Andy Roddick celebrates a point during his match against Bernard Tomic. (Elsa / Getty Images )
NEW YORK — Andy Roddick said no to retirement Friday night at the U.S. Open.
He said no when he whipped 13 aces past 19-year-old Australian Bernard Tomic. He said no with his willingness to chase down lobs, to rush the net, to manage his emotions and play quick-strike tennis.
Roddick, who turned 30 Thursday on the day he announced this tournament would be his last, extended his career by beating Tomic, 6-3, 6-4, 6-0, in the second round.
Up next for Roddick, who won his only Grand Slam tournament title here in 2003, is 59th-ranked Fabio Fognini of Italy, which seems to give Roddick a path into the second week of the Open.
Roddick said he felt emotional coming into Arthur Ashe Stadium, where he could see video boards running a television tribute to him.
"It felt weird before the match," he said. "Twenty minutes before it was kind of getting the best of me. I kind of had to get my stuff together before I walked out there."
After Roddick won the first two sets, Tomic seemed to give up. He hung his head and his feet seemed anchored in mud. Roddick gave so much effort, though. Sweat dripped off the bill of his cap and fell onto his shoes, which were red, white and blue with stars and stripes and everything All-American that was imaginable.
"I'm going to try and stick around a little longer," Roddick said.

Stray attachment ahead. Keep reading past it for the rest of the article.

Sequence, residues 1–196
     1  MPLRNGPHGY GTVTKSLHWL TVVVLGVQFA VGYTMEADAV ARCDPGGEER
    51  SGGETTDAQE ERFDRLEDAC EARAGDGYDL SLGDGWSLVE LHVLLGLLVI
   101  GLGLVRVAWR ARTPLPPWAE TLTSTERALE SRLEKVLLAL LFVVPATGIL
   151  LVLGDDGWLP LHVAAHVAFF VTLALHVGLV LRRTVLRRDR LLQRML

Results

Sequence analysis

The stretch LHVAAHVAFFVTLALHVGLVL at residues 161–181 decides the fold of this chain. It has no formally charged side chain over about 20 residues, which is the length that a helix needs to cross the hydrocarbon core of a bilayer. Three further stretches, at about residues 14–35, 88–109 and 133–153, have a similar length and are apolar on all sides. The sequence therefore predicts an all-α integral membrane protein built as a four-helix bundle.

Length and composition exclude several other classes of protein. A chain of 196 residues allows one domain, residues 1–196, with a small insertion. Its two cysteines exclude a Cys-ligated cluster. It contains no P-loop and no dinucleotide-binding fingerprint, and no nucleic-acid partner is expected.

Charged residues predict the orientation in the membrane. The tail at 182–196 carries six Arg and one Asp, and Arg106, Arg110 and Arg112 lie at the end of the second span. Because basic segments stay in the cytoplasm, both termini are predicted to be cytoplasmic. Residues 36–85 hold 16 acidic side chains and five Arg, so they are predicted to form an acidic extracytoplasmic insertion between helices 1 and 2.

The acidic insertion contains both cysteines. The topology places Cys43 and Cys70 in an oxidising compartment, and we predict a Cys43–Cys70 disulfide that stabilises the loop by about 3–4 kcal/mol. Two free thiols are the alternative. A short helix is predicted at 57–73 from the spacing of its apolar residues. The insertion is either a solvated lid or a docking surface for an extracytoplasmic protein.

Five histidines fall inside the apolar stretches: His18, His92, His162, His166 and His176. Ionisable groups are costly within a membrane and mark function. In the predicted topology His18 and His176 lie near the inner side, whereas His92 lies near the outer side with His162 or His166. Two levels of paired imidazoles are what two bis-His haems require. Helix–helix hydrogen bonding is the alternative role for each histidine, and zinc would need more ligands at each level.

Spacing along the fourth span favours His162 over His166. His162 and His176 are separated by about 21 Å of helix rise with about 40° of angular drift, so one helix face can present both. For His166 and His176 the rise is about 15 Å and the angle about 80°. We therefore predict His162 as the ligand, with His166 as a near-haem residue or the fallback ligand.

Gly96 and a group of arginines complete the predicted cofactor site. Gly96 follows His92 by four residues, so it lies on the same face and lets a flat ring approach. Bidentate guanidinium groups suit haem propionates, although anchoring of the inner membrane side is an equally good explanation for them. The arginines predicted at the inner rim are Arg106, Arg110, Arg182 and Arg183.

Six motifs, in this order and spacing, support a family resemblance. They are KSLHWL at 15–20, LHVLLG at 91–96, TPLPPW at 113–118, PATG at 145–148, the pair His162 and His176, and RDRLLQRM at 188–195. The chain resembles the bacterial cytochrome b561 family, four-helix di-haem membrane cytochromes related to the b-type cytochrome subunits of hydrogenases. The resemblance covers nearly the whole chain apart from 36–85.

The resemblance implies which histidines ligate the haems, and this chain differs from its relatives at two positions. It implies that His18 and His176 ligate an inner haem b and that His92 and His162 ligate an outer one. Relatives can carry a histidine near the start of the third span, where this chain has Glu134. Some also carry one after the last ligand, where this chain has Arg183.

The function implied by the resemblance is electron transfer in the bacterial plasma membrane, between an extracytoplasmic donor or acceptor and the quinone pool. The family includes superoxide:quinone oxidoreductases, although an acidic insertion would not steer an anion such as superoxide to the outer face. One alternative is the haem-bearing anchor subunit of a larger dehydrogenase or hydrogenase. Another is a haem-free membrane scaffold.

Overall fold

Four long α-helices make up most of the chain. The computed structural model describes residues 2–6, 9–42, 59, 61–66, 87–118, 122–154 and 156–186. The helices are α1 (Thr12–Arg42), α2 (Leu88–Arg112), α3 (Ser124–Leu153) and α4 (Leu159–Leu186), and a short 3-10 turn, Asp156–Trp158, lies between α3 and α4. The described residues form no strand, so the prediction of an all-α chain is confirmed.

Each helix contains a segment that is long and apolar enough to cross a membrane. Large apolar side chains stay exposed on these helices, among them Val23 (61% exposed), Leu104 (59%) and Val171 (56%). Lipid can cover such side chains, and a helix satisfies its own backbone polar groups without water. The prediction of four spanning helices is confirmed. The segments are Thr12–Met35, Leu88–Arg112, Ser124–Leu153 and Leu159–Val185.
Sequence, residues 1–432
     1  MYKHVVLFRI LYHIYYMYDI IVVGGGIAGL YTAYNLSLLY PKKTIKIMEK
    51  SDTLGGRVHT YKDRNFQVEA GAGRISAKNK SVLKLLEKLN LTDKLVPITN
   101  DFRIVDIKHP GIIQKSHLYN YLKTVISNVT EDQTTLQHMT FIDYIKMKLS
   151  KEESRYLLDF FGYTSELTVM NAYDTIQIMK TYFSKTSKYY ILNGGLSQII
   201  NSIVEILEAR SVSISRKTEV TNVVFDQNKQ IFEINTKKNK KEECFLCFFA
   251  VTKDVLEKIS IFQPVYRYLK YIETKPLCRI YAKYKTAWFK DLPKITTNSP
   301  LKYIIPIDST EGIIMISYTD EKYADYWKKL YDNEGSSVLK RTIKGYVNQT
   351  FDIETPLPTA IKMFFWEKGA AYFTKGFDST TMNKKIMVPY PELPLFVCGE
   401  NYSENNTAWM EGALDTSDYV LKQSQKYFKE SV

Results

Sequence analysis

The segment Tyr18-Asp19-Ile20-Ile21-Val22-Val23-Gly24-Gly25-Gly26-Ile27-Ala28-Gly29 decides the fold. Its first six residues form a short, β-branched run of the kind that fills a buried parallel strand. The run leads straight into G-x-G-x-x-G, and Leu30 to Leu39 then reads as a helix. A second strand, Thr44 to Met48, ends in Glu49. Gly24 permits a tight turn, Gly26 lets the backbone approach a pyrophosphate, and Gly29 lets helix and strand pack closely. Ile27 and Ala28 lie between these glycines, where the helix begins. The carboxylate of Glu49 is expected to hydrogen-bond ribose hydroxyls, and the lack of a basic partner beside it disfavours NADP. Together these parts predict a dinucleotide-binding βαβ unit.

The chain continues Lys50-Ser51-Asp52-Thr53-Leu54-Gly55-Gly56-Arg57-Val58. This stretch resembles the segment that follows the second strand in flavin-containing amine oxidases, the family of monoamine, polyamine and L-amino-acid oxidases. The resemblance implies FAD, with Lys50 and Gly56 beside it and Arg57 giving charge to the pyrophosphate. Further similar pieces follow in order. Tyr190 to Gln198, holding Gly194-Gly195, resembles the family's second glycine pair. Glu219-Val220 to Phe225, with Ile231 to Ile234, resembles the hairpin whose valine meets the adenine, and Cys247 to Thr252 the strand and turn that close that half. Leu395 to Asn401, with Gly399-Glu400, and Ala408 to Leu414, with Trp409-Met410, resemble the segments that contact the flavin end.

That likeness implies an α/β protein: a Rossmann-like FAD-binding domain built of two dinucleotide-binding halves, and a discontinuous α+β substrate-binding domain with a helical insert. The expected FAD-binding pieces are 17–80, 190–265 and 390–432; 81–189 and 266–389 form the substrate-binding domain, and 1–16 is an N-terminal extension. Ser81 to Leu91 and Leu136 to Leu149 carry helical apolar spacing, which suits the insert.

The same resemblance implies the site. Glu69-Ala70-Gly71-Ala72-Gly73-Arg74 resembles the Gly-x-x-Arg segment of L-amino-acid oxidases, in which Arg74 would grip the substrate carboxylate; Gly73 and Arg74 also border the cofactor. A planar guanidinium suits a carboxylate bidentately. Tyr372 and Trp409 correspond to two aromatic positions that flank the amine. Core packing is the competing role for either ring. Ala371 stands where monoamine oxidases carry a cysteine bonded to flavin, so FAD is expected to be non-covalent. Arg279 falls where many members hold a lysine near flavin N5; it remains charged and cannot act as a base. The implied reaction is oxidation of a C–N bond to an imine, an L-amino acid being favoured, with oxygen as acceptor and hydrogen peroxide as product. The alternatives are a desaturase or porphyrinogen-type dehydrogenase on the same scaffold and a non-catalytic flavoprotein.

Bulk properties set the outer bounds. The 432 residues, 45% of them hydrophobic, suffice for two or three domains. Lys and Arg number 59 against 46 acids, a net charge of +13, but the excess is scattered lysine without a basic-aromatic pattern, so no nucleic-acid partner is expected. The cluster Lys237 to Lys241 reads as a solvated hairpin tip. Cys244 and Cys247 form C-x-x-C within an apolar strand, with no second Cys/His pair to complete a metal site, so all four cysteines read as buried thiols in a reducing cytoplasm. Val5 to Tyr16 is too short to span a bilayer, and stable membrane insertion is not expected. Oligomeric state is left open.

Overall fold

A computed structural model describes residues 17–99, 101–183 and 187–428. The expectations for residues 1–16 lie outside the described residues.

Television commentator John McEnroe had suggested during the ESPN broadcast that Tomic gave up in the third set. "He's probably right," Tomic said. "I couldn't get the racket on the ball."
Earlier in the day another teenager put her stamp on the women's draw. Laura Robson hardly could be more different than the outgoing, always confident Roddick. The 18-year-old Briton lowers her head before she speaks. She tiptoes into an interview room as if she is an intruder and not the star.
But on a tennis court Robson asserts herself. She did that again Friday, taking out a higher-seeded former major winner for the second consecutive match.
First she defeated popular three-time Open champion Kim Clijsters. Then on Friday, in the third round, Robson was unintimidated and aggressive with her tennis in a 6-4, 6-7 (5), 6-2 upset of ninth-seeded Li Na, who last year became the first Chinese woman to win a Grand Slam event when she triumphed at the French Open.
"I have had a fairly tough draw, haven't I?" Robson said.
It doesn't get easier. Next for Robson is defending champion Samantha Stosur.
Robson is still at a stage in her career when she could enjoy the fact British soccer star Wayne Rooney sent a Twitter message wishing her luck but calling her "Laura Robinson."
Robson said Rooney blamed an autocorrect function, but she said of that explanation, "I'm not so sure."
Third-seeded Maria Sharapova, who was mostly untested in Arthur Ashe Stadium in a 6-1, 6-1 win over Stanford psychology major Mallory Burdette, made more news afterward when she confirmed that she is no longer engaged to former Lakers guard Sasha Vujacic.
Steve Johnson, the NCAA champion from USC who had played only one Grand Slam-level match before this Open, advanced to the third round with a 6-7 (3), 7-6 (5), 6-3, 6-4 win over Ernests Gulbis of Latvia.